Tahoe practice is offering HPV vaccine
Mothers cringe over three words from their daughters: “I’ve had sex.”
The disclosure brings about several considerations and consequences, but one that’s recently arisen these days involves the human papillomavirus. The term stands for the name of a group of sexually-transmitted viruses that include more than 100 different genital strains or types. It’s the leading cause of cervical cancer, a highly treatable disease with regular screenings and now a vaccine from Merck for HPV.
“No woman should die of cervical cancer,” said Dr. Kelly Shanahan of Emerald Bay Center for Women’s Health. Shanahan’s practice is one in South Lake Tahoe that has received the Gardasil vaccine for girls and women between the ages of 9 and 26.
About 10,000 American women are diagnosed with cervical cancer every year, with an average of 10 dying each day from the disease, the Centers for Disease Control and Prevention reports. In the United States, 20 million people are infected with HPV, virus types that may lie dormant until they show up as genital warts among other symptoms.
The doctor recalled having to tell a nun she had contracted HPV after going 15 years without sex.
“Can you imagine having to do that?” she said.
Shanahan said HPV has been around for a long time, but better screening methods have brought the condition to light. The news of Gardasil’s approval by the U.S. Food and Drug Administration in June has sent doctors and parents inquiring about it.
Fulfilling both roles, Shanahan said she cringes when a teenager who she believes is sexually active comes in for a visit.
“I look at this as a physician and a mom. It could be my (7-year-old) daughter,” she said.
Shanahan said she realizes there may be opposition from some parents for the same reason birth control is so inflammatory. “This is not a promiscuity issue. We can hope our daughters make the right choices and wait until they get married. But at some point, your daughter is probably going to have sex as a teenager,” she said.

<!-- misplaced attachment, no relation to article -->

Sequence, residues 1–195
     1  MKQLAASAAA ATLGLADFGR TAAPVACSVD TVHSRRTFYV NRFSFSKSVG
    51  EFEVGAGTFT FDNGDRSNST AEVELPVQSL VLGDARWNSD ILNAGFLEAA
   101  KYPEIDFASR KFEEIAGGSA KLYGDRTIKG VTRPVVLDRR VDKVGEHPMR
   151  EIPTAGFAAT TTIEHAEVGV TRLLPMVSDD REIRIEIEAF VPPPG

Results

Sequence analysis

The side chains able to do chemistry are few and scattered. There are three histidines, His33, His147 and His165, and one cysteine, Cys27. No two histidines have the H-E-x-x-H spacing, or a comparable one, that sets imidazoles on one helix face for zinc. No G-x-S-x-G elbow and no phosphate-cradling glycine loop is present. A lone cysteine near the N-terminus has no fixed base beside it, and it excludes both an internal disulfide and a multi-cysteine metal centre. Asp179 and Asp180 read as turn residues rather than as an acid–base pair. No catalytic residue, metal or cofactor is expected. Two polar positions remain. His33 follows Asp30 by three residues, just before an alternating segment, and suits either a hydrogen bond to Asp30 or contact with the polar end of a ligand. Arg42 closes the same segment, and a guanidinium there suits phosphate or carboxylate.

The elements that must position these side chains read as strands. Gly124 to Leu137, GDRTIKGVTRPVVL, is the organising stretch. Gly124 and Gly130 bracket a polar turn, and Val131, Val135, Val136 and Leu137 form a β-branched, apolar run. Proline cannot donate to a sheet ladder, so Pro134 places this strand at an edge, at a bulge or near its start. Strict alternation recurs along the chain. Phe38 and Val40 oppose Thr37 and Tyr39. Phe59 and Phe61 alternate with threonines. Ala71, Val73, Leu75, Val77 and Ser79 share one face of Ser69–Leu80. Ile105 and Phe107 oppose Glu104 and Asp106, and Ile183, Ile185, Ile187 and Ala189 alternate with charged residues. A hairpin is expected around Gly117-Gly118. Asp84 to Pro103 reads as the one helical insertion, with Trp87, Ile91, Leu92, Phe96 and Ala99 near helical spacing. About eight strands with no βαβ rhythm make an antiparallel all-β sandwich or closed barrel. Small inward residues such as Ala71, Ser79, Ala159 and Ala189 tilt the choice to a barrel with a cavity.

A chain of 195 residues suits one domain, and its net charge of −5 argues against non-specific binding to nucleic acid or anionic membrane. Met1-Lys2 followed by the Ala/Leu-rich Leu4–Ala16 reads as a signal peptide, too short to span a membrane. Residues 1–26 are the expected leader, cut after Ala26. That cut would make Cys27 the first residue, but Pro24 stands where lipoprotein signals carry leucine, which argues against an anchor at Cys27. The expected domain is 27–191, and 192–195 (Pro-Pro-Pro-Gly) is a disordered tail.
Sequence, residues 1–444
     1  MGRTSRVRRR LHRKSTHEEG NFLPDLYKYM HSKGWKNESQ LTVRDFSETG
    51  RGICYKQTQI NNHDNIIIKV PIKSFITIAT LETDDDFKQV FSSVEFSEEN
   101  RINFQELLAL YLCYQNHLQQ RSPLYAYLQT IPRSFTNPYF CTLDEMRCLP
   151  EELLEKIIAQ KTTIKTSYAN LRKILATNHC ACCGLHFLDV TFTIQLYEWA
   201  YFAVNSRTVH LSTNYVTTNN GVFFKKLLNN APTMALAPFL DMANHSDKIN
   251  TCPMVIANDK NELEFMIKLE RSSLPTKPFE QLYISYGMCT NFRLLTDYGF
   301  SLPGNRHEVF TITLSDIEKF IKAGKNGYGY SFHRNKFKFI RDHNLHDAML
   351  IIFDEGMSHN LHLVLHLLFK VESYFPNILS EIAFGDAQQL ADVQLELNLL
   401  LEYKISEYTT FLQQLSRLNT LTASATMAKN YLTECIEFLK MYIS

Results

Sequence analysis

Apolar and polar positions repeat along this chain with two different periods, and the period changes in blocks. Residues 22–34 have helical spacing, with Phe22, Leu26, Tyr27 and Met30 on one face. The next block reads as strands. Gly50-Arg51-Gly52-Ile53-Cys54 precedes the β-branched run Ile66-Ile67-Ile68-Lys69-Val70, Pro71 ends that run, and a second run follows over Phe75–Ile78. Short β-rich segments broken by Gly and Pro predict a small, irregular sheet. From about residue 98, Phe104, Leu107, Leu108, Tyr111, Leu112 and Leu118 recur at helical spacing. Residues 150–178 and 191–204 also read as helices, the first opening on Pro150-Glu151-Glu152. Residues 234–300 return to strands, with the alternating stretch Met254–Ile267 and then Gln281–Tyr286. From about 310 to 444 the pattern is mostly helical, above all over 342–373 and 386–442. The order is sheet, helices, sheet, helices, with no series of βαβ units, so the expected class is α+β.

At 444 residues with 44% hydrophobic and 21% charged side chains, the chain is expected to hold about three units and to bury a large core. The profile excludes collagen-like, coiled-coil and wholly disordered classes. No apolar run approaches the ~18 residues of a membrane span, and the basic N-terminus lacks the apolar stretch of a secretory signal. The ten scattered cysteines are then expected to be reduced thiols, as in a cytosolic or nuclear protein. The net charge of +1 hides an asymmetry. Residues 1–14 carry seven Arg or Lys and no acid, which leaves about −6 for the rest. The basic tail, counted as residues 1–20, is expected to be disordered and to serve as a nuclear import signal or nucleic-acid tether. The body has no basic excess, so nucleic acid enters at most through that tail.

Her response is consistent – the vaccine has a high rate of success at protecting against cervical cancer.
That’s all Staci Garner needed to hear. The mother of a 14-year-old daughter who looks closer to age 17 is prepared to soon give her daughter the vaccine because she feels her work is cut out for her when older boys come around or her daughter goes out.
Hormones seem to speak the loudest.
“I think girls (these days) have to be more guarded. I tell her: ‘Honey, they’ll say anything. When the hormones start raging, all bets are off.’ It scares me to death. That’s why I’m glad the vaccine came out. It’s going to save a lot of lives,” she said.
Side effects of Gardasil include: pain, fever, swelling, itching, redness at the injection site or in rare cases difficulty breathing.
One setback may be considered the cost, with insurance coverage being an unknown so early in the vaccine’s arrival. Three injections cost $450, a little over the physician’s cost.
Phone calls were made to other South Shore medical practices including: Tahoe Family Physicians, Sierra Family Care, Tahoe Women’s Care and Alpine Family Practice – with the Emerald Bay Center for Women’s Health being the one known place here to receive the vaccine.
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